USS S-5 (SS-110) was launched at Portsmouth Navy Yard in Kittery, Maine, on 10 November 1919, and commissioned about four months later. As August of 1920 drew to a close, she set out for an area off the Delaware Capes for sea trials. Then she was supposed to head for Baltimore as part of a routine recruiting tour. Unfortunately, she would not survive to be shown off. Today’s “Tidbit” is part one (of two) of her story.
Early in the afternoon on 1 September, LCDR Charles Cooke, Jr., S-5’s young but experienced and well-liked commanding officer, ordered the boat to crash dive. As procedure dictated, the main air-induction valve, which fed oxygen to the diesels, was left open until the engines came to a complete stop; it was supposed to be closed just before the submarine submerged completely. But at the critical moment, issues with another set of valves distracted Chief of the Boat Percy Fox, the man assigned to close the valve. When he noticed his error and slammed the lever, the valve jammed open. Water poured into the submarine and, given her downward angle, flooded forward. Most of the open vents throughout the boat were closed quickly, but the men in the torpedo room, way up in the bow, were quickly forced out of their space by the rising water. As they escaped, they slammed the watertight hatch closed behind them. They were not, however, able to close the vents through which the seawater poured, leaving the space open to the sea. The approximately 75 tons of extra weight in the bow and bilges pulled the sub inexorably down; she finally settled on the bottom nearly 200 feet below the surface.
There was both good and bad news for the 40-man crew. On the good side, four of the sub’s five compartments were essentially dry, the boat was upright, the hull was undamaged, there was some lighting, and any injuries that had been sustained were minor. On the bad side, the main-induction valve was still open a crack, allowing water to continue to trickle into the torpedo room, there was no way to pump water out of the space, and there was no means of communicating with any surface ships that might be passing by. For the next few hours, Cooke worked his way methodically through all his damage-control options, trying to get his boat back to the surface. She would not budge. Then, in a moment of either breathtaking ingenuity or acute desperation, Cooke blew all the remaining air in his tanks into the aft ballast tanks. The effect was immediate—S-5’s buoyant aft end sucked free of the muddy bottom and bobbed to the surface, tipping the boat to an angle of about 60 degrees and sending men, water, and loose objects tumbling down what had, moments before, been horizontal passageways.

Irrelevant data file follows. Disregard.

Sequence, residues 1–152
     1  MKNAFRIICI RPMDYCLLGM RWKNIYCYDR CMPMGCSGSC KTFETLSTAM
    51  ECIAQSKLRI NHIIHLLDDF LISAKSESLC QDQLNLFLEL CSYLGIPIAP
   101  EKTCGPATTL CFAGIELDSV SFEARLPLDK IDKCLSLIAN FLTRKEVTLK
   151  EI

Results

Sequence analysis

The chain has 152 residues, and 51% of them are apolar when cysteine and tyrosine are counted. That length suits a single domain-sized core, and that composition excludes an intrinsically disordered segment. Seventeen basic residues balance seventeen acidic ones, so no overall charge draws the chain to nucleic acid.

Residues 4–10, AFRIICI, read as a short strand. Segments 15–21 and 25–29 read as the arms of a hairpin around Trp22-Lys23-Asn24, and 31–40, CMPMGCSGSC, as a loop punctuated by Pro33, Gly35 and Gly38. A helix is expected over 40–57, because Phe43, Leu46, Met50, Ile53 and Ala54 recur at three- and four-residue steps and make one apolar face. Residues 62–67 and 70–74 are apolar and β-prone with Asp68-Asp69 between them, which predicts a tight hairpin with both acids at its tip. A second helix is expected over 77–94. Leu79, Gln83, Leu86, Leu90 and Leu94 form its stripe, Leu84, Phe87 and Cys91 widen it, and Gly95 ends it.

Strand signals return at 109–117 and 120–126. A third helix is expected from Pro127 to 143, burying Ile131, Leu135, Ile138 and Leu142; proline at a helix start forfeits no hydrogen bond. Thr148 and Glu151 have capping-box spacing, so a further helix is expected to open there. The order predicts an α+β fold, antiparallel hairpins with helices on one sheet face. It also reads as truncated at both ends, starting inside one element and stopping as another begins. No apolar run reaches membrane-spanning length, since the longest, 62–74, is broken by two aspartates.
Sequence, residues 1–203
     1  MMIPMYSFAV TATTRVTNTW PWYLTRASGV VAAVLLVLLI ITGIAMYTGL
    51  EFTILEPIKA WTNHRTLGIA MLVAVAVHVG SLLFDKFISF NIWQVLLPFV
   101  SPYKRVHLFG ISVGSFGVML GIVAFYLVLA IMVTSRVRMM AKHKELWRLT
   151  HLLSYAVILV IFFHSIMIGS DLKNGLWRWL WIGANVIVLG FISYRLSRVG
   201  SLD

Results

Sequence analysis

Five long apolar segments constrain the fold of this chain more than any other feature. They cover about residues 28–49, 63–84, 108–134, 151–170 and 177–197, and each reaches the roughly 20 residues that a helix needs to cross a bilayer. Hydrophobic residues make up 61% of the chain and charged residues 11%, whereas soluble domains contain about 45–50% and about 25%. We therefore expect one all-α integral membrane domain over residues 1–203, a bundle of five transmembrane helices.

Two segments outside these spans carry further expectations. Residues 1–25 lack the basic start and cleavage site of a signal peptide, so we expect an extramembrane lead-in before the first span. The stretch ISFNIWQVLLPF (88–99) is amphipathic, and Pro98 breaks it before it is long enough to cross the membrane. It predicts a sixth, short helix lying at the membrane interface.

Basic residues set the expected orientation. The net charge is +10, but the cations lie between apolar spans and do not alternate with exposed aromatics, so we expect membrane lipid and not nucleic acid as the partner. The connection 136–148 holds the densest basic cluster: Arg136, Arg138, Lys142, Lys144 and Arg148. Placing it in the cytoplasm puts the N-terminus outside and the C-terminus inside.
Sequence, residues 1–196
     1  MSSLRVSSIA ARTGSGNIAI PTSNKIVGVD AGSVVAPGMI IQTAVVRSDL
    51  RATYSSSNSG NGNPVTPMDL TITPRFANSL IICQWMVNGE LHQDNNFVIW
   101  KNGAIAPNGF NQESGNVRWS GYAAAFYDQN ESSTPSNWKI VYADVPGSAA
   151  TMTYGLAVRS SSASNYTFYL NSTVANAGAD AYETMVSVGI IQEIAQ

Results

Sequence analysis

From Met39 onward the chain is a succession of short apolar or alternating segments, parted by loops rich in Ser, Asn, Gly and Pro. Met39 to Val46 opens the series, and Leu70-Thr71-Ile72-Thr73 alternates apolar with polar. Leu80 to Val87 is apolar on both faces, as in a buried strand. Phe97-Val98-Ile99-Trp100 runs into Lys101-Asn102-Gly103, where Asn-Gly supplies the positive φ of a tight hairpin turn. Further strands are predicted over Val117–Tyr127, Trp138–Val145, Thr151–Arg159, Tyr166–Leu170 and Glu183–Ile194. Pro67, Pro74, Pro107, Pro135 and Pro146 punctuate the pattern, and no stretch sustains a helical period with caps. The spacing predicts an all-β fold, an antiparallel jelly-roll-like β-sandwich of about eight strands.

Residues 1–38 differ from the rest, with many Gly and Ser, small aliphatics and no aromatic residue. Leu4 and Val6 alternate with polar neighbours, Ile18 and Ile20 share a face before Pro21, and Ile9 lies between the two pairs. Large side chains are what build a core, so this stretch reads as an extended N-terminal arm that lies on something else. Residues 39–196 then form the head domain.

Now there was a new problem. The space just aft of the torpedo room was the battery room. When saltwater pouring forward from the bilges hit the batteries it produced deadly chlorine gas. The men who remained in the compartment were quickly hauled up and through the hatch into control and the hatch was shut behind them. The ocean had now claimed forty percent of S-5’s “people tank.”
But now there was truly good news: S-5 was 231 feet long and therefore, even at an angle, taller than the water was deep. By listening to changes in tone as they tapped on the hull, crewmembers in the motor room, the aft-most (now top-most) compartment, were able to conjecture that about 17 feet of the stern was above water. Still, the aft escape hatch was thirty feet below the surface, so the men seized on the next-best means of escape: cutting a hole in the ¾-inch-thick hull. At about 2000, with nothing more than a collection of hand tools, the men began working. Cooke estimated it would take about three days to make a hole large enough for a person to squeeze through, problematic because there was virtually no freshwater aboard and the atmosphere, which could not be sufficiently refreshed through such a tiny hole, was becoming increasingly toxic. Plus, even the small amount of air escaping through the hole would cause S-5 to lose buoyancy like a rubber raft with a pinhole leak. The men could only hope to cut through before the boat settled enough to submerge their precious opening and drown them all.